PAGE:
Therefore, they recommended to movement members to vote for other “strong” candidates, so as to bypass B’Tselem. “On the list of candidates appear worthy people who truly do operate on behalf of human rights,” said Haetzni-Cohen. “The difference between real human rights groups and B’Tselem is that the heads of those other groups are either in jail or in exile or are persecuted. I am happy to note that in the State of Israel, the heads of B’Tselem walk freely on the street, hold key positions in academia, in the media, on executive boards and sometimes even in the Knesset. What is certain is that there’s no persecution here. Therefore, the goal was to remove B’Tselem from the top three by advising our members to vote for three candidates that we winnowed out of the 30 candidates.”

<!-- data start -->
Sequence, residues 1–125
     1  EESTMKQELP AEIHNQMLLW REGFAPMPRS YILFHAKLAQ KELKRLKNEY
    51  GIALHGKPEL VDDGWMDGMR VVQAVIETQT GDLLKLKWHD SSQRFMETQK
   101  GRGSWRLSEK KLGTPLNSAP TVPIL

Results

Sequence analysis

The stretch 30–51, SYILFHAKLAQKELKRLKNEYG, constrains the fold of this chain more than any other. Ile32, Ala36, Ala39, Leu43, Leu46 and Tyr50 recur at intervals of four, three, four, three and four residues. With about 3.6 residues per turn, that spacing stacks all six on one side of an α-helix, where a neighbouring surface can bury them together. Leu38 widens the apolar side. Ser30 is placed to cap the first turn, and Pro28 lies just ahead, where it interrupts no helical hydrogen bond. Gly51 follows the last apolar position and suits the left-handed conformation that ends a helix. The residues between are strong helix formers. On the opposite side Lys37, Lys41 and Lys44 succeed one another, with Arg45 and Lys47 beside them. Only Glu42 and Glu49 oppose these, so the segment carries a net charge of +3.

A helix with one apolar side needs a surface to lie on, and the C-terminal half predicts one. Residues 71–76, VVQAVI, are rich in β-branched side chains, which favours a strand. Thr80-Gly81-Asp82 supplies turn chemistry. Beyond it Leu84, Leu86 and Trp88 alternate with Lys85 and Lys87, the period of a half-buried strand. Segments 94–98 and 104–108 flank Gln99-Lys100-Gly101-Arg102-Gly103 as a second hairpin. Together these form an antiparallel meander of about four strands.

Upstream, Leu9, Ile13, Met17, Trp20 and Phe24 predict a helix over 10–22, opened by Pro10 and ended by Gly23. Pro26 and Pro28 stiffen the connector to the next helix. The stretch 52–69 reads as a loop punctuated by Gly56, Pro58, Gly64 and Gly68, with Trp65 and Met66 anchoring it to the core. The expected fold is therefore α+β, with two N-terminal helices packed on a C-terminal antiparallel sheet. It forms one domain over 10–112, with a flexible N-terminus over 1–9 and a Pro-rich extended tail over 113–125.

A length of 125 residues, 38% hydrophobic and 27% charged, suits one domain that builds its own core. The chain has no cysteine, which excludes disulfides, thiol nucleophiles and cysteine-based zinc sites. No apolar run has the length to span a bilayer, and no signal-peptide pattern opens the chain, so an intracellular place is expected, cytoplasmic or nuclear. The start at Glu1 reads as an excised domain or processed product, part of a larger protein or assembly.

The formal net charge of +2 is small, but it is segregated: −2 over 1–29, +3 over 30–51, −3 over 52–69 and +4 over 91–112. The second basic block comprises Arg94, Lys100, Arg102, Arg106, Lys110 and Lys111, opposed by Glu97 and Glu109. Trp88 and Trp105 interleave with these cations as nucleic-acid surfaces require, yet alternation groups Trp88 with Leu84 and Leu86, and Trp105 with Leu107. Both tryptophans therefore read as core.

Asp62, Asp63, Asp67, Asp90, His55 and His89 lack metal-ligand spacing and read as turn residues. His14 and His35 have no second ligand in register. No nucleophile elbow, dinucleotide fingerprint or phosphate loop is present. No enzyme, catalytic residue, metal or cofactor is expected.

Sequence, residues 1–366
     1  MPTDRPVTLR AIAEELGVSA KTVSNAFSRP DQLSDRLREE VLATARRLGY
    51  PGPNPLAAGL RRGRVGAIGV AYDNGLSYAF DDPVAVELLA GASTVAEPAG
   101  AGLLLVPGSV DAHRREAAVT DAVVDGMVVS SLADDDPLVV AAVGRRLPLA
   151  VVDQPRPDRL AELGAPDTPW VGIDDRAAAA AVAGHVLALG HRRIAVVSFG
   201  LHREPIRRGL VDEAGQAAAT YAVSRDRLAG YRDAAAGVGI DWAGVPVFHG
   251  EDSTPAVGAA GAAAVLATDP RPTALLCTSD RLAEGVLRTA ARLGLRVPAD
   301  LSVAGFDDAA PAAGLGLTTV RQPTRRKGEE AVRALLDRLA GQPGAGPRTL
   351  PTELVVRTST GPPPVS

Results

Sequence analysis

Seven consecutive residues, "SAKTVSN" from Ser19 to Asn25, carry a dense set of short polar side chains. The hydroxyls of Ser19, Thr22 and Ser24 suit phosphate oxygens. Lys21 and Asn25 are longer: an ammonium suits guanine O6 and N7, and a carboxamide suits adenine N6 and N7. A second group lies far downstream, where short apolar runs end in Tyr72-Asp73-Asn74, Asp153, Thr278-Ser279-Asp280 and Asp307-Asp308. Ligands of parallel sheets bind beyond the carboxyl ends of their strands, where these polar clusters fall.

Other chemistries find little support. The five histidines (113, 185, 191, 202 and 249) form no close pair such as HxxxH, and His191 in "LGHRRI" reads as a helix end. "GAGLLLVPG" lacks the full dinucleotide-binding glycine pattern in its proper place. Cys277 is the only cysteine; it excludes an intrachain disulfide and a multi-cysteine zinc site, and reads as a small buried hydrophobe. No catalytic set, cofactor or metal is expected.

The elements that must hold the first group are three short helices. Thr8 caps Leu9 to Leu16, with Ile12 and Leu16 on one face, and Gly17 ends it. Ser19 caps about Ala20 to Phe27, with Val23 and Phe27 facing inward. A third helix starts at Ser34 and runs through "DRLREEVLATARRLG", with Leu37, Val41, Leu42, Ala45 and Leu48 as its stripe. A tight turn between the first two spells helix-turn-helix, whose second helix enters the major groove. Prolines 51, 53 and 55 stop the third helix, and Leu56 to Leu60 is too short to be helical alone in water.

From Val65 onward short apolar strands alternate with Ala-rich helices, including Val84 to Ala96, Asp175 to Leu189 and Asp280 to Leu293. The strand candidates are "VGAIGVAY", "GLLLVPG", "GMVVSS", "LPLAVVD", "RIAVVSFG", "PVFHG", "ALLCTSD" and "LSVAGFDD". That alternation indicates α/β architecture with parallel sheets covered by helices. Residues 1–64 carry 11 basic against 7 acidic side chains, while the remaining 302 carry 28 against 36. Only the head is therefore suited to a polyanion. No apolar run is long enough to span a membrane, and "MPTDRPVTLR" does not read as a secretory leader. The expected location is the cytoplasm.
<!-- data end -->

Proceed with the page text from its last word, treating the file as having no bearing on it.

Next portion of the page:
My Israel encouraged its members to vote for the following three candidates: Phyoe Phyoe Aung from Burma, Azizullah Royesh from Afghanistan and Maziar Bahari from Iran. Another supporter of the candidacy of Phyoe Phyoe Aung, a female human rights activist from Burma who has been sitting in a Burmese prison since March 2015, is Ronen Shoval, one of the founders of the Im Tirtzu organization and chairman of the academic circle Professors for a Strong Israel. After sifting through the candidates and estimating their chances for winning, he decided to turn his WhatsApp friends’ attention to the Burmese candidate. In an interview that Shoval granted to a Dutch newspaper, he spoke about his support for Phyoe Phyoe Aung and was amazed to see a response from her husband, who thanked him for supporting his wife. Shoval publicized the correspondence on his Facebook page, along with a call to his friends to continue the fight to the last minute. My Israel activists and members were requested to convince family members and everyone else possible to join the efforts. Just after the New Year holiday ended the night of Sept. 15, the following appeared on the movement’s Facebook page: “Turn to all your friends, recruit your brothers and sisters, Mom and Dad as well as grandma and grandpa. Anyone who can vote, should vote today.”